What Does This Mean?

Western culture often works from a series of implicit assumptions:

  • The West is superior to other cultures; modern times are superior to the past.
  • Youth is superior to age, and the new is superior the old.
  • Civilization only counts in terms of technological advancement.
  • Material poverty counts more than other types of poverty.
  • Western scientific thinking is superior to all other ways of knowing.
  • The individual’s choices and opinions matter most (i.e., individualism).

These attitudes can make it difficult for students to learn from peoples of the past and from other cultures. In contrast, biblical prophets condemned advanced societies that ignored justice. In the Bible, respect for the elderly and listening to the wise matter.

If the wealthy seek only to assist the poor, looking only to give and not also to learn from them, their assistance can be rooted in condescension and pride. The Bible recognizes a variety of riches: people can be wealthy in terms of relationships, wisdom, faith, love, good deeds, and in relationship with God (Proverbs 16:16; James 2:5; Psalm 145:8; 1 Timothy 6:18; Luke 12:21). Wealth is something to be thankful for, but we are not defined by what we own (Luke 12:15). Similarly, people in the West often underestimate what they can learn from those in other cultures.

It is the heart that makes a man rich. He is rich or poor according to what he is, not according to what he has. Henry Ward Beecher

Humility is essential if we are to learn from others. Humility is not groveling self-abasement; it is the opposite of pride and arrogance, not being untruthful about our abilities. True humility is a generous attitude of mind that values others and sees oneself realistically. Jesus modeled humility throughout his life. Differences in culture, age, or material wealth are not be seen as grounds for pride.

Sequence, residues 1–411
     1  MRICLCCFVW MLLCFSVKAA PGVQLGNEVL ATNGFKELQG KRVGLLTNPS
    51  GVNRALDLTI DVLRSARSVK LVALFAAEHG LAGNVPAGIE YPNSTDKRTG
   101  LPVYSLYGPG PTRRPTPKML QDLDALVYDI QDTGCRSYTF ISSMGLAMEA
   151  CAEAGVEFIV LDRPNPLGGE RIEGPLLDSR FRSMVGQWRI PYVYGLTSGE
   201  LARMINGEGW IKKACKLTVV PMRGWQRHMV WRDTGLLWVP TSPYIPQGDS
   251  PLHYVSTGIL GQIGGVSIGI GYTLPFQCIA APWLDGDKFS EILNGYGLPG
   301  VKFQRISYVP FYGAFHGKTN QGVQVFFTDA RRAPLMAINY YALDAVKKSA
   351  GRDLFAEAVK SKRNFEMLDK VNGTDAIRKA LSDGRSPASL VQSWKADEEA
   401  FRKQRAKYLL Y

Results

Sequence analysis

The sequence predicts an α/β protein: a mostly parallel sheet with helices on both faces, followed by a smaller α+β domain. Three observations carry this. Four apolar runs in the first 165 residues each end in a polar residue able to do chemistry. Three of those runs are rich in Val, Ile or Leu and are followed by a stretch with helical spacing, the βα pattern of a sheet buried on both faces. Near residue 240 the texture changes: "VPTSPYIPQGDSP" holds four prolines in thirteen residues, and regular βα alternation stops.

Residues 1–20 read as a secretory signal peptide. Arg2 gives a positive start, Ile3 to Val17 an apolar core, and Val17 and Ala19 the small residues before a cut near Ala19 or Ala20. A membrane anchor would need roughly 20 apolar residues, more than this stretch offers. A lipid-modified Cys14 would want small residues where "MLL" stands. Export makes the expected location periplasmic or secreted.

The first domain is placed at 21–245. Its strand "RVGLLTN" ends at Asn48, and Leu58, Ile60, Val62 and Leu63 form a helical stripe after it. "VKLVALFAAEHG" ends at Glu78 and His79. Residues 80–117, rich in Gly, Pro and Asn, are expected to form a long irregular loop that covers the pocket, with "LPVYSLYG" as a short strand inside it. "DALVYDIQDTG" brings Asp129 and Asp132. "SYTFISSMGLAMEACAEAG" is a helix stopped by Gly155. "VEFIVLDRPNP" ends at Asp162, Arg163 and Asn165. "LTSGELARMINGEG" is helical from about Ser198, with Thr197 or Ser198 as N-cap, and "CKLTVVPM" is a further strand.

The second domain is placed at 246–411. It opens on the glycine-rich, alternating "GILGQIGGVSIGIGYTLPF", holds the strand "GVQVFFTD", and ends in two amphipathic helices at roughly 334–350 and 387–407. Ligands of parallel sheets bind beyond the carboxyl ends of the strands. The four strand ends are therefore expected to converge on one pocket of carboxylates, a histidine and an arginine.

Humility is to make a right estimate of one’s self. Charles Spurgeon

The Bible teaches that we should love both neighbors and strangers as ourselves (Leviticus 19:18; Leviticus 19:33-34) and calls us to exercise hospitality toward strangers (Matthew 25:34-35; Hebrews 13:2). Be aware that it is still important to teach children about safety when approached by strangers—the biblical teaching is about attitudes and behavior toward people who may be different from us, not about abandoning appropriate caution.

What Does This Mean in School?

Fostering humility and raising awareness of learning from others is something that can cross all curriculum boundaries. We can

  • seek to model humility and a stance of openness to learning from diverse others, and draw attention to the achievements of other times and cultures;
  • encourage students to look beyond the lack of modern technology in some settings to see other strengths, and acknowledge ways of learning other than scientific reasoning (through symbols, art, etc.);
  • encourage students to learn other languages and cultures not just because of their pragmatic benefits (e.g., knowing French will yield a better job) but because of the call to love those who are from other cultures; and
  • use personal narrative examples (especially when teaching about other cultures and languages) that can help students go beyond facts and create personal connections.

Think of an instance when you experienced students’ failure to see the riches of another culture because they could not see beyond the lack of technology and material wealth, or because of an implicit attitude of superiority. How could you teach that lesson differently? For example, you might focus on the quality of community life or use a narrative to create a stronger sense of personal connection.